Yesterday Google began redirecting requests for google.cn to google.com.hk effectively ending its years of self-censorship in China. To be clear, Google has not ended censorship in China — Google has ended its own self-censorship.
While searches within the .hk google are not censored by Google, they will still be affected by China’s keyword filtering. This means that queries for certain terms will not get through to google.com.hk search engine and the end user in China will not get any results.
Even if a user in China uses search queries that are not filtered by China and retrieves results from google’s .hk version, they will still be affected by China’s filtering if they click on the link and try and view those results directly.
What’s the difference? Users in China will be affected by China’s filtering, not Google’s. The difference is in the user’s experience — instead of retrieving results and carrying on as if censorship did not exist (disclaimer aside), the user now experiences the censorship first hand.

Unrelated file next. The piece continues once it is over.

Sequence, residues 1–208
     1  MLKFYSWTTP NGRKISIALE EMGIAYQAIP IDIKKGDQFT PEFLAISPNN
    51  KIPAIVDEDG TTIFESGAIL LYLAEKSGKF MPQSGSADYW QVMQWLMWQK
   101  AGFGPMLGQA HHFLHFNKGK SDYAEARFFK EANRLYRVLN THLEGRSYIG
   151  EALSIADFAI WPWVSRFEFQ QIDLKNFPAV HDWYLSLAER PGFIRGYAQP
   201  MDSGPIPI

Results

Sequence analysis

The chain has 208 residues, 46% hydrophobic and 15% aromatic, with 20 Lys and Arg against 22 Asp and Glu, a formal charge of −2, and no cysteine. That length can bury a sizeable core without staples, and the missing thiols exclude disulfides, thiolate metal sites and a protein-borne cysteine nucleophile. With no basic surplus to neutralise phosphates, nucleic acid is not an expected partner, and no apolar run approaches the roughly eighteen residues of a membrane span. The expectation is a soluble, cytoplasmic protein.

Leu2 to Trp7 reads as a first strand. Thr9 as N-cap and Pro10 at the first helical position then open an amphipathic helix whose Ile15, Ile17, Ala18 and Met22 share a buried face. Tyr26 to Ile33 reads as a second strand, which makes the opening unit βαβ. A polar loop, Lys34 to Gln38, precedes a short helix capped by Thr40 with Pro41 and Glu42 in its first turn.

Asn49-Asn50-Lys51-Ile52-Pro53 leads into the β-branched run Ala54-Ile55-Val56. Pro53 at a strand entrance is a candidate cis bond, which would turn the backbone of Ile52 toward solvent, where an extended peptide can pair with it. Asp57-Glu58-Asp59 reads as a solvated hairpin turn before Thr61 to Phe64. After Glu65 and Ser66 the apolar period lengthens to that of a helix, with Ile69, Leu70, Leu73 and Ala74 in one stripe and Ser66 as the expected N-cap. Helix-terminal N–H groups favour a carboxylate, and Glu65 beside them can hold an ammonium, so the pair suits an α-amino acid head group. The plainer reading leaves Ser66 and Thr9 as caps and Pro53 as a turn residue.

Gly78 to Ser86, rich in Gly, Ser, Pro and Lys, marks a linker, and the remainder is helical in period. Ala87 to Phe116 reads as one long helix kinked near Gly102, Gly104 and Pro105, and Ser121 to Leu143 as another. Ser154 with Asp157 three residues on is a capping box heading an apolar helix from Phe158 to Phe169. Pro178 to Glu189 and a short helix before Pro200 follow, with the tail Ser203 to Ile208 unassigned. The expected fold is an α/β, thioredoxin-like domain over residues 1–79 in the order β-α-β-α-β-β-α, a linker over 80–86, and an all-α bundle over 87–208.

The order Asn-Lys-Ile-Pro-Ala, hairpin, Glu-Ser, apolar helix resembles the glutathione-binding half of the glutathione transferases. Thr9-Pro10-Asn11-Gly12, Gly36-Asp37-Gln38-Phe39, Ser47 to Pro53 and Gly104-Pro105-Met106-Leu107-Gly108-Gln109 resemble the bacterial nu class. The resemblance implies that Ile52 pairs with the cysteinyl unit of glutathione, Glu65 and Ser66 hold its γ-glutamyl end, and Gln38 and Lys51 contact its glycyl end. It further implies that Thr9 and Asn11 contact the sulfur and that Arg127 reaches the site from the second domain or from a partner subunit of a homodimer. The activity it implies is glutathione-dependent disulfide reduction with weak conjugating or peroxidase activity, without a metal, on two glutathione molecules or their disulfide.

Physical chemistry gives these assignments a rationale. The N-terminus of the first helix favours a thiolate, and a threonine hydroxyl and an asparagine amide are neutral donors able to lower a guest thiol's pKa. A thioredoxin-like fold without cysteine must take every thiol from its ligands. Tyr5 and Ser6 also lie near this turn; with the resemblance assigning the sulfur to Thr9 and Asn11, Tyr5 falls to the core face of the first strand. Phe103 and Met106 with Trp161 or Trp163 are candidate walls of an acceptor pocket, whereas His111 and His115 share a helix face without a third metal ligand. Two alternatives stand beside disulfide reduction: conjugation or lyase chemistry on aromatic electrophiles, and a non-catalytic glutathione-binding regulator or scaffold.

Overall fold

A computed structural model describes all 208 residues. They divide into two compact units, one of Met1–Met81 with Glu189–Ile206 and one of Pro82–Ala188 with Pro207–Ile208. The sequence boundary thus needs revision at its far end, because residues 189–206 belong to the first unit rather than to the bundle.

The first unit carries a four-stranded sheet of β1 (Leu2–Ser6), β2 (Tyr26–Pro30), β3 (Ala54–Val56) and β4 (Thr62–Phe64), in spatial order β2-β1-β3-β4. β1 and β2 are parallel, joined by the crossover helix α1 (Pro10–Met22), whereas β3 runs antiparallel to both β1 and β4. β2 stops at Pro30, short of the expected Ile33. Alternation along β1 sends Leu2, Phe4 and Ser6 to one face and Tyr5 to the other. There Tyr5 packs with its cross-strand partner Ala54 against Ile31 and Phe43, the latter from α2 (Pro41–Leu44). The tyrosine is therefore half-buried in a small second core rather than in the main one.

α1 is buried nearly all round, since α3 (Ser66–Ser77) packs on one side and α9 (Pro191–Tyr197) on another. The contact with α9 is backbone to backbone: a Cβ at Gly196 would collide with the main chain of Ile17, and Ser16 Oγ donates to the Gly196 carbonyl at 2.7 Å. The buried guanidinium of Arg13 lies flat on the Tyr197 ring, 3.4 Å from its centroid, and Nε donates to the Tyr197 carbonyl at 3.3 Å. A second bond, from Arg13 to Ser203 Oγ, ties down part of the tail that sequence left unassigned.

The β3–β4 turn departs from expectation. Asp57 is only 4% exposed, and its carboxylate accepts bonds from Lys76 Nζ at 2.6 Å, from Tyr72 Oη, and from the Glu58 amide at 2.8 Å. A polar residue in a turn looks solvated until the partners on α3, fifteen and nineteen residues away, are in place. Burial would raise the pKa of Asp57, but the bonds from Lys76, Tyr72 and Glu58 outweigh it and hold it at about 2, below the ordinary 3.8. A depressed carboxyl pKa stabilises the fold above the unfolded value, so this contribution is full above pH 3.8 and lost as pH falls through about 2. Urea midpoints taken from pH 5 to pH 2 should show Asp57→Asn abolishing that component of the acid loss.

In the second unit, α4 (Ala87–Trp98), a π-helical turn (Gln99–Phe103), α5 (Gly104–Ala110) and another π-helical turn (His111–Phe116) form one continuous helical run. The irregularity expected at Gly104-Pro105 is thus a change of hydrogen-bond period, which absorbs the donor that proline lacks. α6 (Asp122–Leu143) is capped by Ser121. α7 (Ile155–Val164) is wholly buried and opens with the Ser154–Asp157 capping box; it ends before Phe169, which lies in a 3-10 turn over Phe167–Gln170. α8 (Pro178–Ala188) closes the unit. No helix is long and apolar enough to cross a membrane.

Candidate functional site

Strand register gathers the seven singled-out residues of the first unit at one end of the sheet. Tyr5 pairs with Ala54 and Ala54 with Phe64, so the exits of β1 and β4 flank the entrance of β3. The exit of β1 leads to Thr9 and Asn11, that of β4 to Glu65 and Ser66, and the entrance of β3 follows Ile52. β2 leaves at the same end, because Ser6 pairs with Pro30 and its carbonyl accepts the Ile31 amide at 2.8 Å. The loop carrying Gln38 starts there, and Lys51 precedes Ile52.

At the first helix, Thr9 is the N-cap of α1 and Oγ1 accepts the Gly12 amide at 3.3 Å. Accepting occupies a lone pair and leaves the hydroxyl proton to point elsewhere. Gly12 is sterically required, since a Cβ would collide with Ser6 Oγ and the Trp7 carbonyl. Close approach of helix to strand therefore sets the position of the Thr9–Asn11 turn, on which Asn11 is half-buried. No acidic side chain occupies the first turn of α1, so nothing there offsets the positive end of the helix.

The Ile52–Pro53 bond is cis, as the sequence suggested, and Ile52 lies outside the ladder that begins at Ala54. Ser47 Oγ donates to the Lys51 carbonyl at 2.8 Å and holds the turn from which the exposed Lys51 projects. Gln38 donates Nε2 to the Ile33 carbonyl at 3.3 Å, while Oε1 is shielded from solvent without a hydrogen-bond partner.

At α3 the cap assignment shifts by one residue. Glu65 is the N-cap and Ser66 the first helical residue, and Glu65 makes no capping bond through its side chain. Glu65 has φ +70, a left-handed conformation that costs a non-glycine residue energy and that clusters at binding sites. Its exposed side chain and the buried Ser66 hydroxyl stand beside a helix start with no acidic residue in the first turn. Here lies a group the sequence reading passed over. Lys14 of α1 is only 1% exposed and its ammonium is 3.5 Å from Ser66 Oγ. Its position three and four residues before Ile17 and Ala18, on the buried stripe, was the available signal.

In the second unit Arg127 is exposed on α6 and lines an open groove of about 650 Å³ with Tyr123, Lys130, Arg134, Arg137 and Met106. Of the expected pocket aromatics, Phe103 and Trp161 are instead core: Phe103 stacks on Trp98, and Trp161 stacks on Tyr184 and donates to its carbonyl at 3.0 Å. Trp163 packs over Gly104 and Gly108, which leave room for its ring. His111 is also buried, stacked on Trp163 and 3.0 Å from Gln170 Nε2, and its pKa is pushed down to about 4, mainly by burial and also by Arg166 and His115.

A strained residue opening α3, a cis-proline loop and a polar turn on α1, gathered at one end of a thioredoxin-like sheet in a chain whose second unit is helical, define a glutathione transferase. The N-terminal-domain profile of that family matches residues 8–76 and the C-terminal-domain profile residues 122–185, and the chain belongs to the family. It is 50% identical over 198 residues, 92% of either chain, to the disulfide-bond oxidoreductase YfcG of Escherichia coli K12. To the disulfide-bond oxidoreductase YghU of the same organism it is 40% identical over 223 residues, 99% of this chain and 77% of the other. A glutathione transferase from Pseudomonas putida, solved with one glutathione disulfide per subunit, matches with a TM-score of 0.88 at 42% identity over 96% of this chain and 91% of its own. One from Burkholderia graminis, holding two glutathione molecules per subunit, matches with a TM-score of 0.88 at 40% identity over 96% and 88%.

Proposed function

It is true that the user will not get any results from Google for queries that are filtered by China. this may results in quantitatively less information, but necessarily qualitatively (see here and here). Even if a controversial site slipped through the self-censorship, it would be picked up by China’s filtering if the user tried to access it directly.
The move removes Google from an ethically challenged situation and has raised awareness globally regarding China’s censorship practices.
Remember: Microsoft and Yahoo! are still censoring their China facing search engines.